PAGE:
“… when gut feelings are present, dispassionate reasoning is rare”.
This is why it can seem so difficult to argue with an authoritarian Trump voter about these issues. And why even the likes of commentator John Oliver – who did a brilliant piece recently shooting holes in all the ‘reasons’ Trump supporters give – can’t convince the authoritarian voter not to vote for Trump. When it comes to who they support, authoritarian voters arguably aren’t being driven by reason, they’re being driven by pure unadulterated Huntsman-whacking fear.
Importantly – and I can’t stress this enough – this doesn’t mean the authoritarian voter is never in a rational state of mind, nor that they are stupid – it just means that in regards to this issue, their fear has control of their actions and while not impossible, it is very difficult to reason with them.
Hear the fear
Once you know this, it can help in understanding otherwise seemingly nonsensical comments from authoritarian Trump supporters. If you listen to the words of Trump supporters in the video below from vox.com, you will be able to spot some authoritarian voters. For example, one of the guys interviewed, when asked if it was fair to say that Muslims are ‘the problem’, responded with:
“If you break it down. Yeah. They’re a problem. Sorry to say it. But I can’t help it. I can’t help but feel that way. Right now – I don’t feel safe.” [Emphasisis mine to highlight key words.]
The irony of course, is that while these authoritarian Trump supporters talk tough, underneath it all, when it comes to these issues at least, they are anything but tough. Their show of bravado, their talk of wanting to be tough disguises the fact that they are actually very very afraid. Trying to argue with them will just convince them that you don’t ‘get it’.
And this is where Donald Trump – the Fear Whisperer – comes in….
Donald Trump: The Fear Whisperer
Whether consciously or unconsciously – and I suspect it’s the former – Donald Trump is playing the tune that he knows the authoritarian voter wants to hear. To them – he “gets it”. And like flies to honey, they are drawn to him. Trump does this in two ways:
1. He gives a voice to the authoritarian voter’s fears
The first thing that Donald Trump does to draw in the authoritarian voter is that he gives a voice to their fears. He calls Mexicans ‘rapists’ and ‘criminals’, and says things like “there is a Muslim problem in the world..there is something out there that brings tremendous hatred.”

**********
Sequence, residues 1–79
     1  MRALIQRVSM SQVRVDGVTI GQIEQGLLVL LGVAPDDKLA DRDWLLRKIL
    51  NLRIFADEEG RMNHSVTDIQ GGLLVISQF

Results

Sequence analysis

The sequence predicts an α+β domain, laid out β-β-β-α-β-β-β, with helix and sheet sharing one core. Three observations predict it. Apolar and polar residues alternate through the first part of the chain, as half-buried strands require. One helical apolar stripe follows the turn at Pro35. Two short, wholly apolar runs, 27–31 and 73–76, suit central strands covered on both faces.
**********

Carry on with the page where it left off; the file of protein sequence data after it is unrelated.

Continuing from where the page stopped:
Trump expresses their fears in a way that authoritarian voters wish they could – but can’t for fear of being condemned if they do. In their words:
“He says what people think when no-one else can. He’s not politically correct.”
(unnamed Trump supporter from the video above)
A theme amongst authoritarian voters seems to be that ‘political correctness’ means they can’t voice their fear – across both sides of the political spectrum.
Certainly, while authoritarian voters are more likely to be Republican (or right-wing) supporters – there are also authoritarian voters who would traditionally be Democrat (or left-wing) voters. And unsurprisingly, at least some of them are Trump supporters – albeit often in secret. The Guardian ran an article this week with quotes from traditional Democrat voters who are secretly Trump supporters. Here’s what a 50-year-old college professor who lives in California had to say about why he would vote for Trump:
“I’m a liberal-left college professor in the social sciences. I’m going to vote for Trump but I won’t tell hardly anybody… I’m also furious at political correctness on campus and in the media. I’m angry at forced diversity and constant, frequently unjustified complaints about racism/sexism/homophobia.”
2. Trump promises to defeat their fears with decisive quick brute force
Having given voice to their fears, Trump then promises a seemingly powerful, swift solution to the authoritarian voter’s fears saying things like:
- “I would bomb the s— out of ’em. I would just bomb those suckers. That’s right. I’d blow up the pipes. … I’d blow up every single inch. There would be nothing left.”
- “And the other thing is with the terrorists, you have to take out their families.”
- [The 11.3 million illegal immigrants] have to go” – “I will build a great, great wall on our southern border, and I will make Mexico pay for that wall.“
This is the authoritarian equivalent of me spraying half a can of fly spray onto a Huntsman spider and then whacking it into oblivion. But Trump’s “simple, powerful, punitive” response – to use the words of political scientist Stanley Feldman – is very attractive to the authoritarian voter. Here’s what one of them; a 48-year-old scientist and self-declared Democrat (left-wing) voter who lives in San Francisco – had to say: